Roots Analysis: In your opinion, what can be the other reasons for high rate of failure of the drugs designed to treat Alzheimer’s disease?
ICB International: Let us first make it clear that CNS diseases cannot be treated unless the disease altering drugs reach the brain in concentrations adequate for therapeutic effect. 0.1% brain uptake will not suffice. Another reason for the failure could be that amyloid β may not be the right target for treating Alzheimer’s disease, although I believe once the plaque is formed, it has to be reduced/cleared to alleviate its toxic effect. Also, Alzheimer’s is a very complex disorder. Without understanding the disease pathology, it will be difficult to design drugs that intervene in the disease progression.
Roots Analysis: Can you share some details on your Specific Molecular Architecture for Recognition and Therapy (SMART) Molecules platform? Is it in early stages of development?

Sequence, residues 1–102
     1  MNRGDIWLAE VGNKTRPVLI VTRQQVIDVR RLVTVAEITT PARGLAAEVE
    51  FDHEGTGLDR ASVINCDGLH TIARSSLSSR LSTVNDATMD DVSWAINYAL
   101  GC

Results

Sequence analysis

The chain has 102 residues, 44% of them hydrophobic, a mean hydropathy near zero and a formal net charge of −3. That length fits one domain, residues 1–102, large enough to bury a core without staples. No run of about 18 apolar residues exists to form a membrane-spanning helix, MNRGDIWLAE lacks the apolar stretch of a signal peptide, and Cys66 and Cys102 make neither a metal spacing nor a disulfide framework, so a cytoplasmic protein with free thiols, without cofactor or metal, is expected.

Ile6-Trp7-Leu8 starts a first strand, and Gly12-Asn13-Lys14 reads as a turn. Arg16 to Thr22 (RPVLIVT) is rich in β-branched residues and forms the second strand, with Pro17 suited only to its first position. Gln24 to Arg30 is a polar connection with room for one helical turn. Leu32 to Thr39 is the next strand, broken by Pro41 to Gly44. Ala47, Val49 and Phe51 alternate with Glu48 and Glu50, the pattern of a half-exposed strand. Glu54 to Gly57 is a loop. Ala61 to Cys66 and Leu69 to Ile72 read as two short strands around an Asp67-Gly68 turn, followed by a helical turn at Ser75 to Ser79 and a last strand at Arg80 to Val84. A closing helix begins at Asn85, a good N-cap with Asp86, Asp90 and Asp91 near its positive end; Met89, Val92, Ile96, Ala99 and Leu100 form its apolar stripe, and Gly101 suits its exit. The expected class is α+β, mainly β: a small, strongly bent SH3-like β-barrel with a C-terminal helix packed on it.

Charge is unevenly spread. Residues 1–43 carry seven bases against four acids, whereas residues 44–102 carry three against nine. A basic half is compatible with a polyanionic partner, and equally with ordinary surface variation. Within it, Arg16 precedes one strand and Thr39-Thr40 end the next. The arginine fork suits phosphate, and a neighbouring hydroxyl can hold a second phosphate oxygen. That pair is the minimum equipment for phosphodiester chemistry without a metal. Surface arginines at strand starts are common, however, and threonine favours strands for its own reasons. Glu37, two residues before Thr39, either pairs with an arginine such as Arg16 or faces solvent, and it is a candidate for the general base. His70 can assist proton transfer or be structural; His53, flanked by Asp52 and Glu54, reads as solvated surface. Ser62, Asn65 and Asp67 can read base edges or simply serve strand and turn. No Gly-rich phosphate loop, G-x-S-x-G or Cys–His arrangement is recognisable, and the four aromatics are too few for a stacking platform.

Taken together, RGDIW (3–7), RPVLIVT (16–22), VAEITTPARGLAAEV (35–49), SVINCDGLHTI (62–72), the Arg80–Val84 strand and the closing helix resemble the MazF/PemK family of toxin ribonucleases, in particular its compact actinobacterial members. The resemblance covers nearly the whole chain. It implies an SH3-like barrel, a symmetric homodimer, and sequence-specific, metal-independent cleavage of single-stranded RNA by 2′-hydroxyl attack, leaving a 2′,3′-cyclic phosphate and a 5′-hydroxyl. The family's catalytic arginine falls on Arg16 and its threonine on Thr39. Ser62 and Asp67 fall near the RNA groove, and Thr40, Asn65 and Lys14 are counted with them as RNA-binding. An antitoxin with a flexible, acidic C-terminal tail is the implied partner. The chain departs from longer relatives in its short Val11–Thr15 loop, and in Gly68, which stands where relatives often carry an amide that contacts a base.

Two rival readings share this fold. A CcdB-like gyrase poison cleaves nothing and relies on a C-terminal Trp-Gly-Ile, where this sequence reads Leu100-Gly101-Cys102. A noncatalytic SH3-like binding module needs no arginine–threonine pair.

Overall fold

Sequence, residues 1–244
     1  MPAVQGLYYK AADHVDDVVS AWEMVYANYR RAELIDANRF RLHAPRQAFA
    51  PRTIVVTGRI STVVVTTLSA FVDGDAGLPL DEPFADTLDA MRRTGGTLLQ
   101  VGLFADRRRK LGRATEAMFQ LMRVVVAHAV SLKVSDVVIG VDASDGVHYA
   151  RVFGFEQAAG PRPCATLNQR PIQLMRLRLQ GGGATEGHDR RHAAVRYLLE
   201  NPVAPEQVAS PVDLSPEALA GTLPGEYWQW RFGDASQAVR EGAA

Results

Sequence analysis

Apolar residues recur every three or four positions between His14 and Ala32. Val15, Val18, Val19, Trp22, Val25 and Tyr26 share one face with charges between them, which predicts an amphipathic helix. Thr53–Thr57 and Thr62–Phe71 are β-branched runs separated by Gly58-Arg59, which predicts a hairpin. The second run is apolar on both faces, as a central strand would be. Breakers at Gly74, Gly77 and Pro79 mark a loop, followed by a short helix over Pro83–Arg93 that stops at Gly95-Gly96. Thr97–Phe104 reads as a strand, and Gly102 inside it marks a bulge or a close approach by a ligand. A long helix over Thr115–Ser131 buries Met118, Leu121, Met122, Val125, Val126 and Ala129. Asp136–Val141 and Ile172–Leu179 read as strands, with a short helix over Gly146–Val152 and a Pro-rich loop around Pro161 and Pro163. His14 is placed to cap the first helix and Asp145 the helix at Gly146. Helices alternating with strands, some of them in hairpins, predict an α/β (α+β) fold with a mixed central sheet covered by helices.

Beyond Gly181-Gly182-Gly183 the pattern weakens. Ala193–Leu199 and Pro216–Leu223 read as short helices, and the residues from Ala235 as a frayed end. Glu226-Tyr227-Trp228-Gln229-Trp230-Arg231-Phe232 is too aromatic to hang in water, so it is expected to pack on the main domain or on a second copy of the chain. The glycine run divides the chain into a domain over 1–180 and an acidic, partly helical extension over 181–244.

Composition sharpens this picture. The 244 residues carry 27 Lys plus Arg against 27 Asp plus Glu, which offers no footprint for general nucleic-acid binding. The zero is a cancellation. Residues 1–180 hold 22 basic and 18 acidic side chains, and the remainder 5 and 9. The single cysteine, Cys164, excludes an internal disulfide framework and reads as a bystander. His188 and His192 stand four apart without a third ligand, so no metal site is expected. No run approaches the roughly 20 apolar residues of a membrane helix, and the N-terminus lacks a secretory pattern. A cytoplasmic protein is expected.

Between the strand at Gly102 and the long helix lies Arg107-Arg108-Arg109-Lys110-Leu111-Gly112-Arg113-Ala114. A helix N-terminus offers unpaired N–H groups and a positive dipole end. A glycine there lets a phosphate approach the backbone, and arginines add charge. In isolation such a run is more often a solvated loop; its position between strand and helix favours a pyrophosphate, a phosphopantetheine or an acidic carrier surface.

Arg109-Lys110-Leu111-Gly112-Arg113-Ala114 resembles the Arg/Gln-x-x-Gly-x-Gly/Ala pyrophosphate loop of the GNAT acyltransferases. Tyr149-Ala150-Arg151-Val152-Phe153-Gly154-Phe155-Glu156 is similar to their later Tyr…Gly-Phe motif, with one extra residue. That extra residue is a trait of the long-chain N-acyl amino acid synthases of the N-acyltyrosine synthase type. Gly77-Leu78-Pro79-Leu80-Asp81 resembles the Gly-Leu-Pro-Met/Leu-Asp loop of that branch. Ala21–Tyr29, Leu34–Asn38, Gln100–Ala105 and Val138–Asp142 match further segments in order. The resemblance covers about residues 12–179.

ICB International: Classical monoclonal antibodies have a molecular weight ranging between 150-160 KDa, and are made up of two heavy and light chains. The molecules of our SMART technology do not have the light chains. As a result of this and some additional manipulations, our antibodies are very small with a molecular weight of only 46 KDa. This configuration enables the SMs to efficiently cross the BBB.
We are a clinical stage company. We have conducted most of the pre-clinical animal studies. Currently, we are developing manufacturing protocols that are in compliance with GMP protocols of the FDA.
Roots Analysis: Is SMART Molecules platform a drug delivery technology or a drug development technology?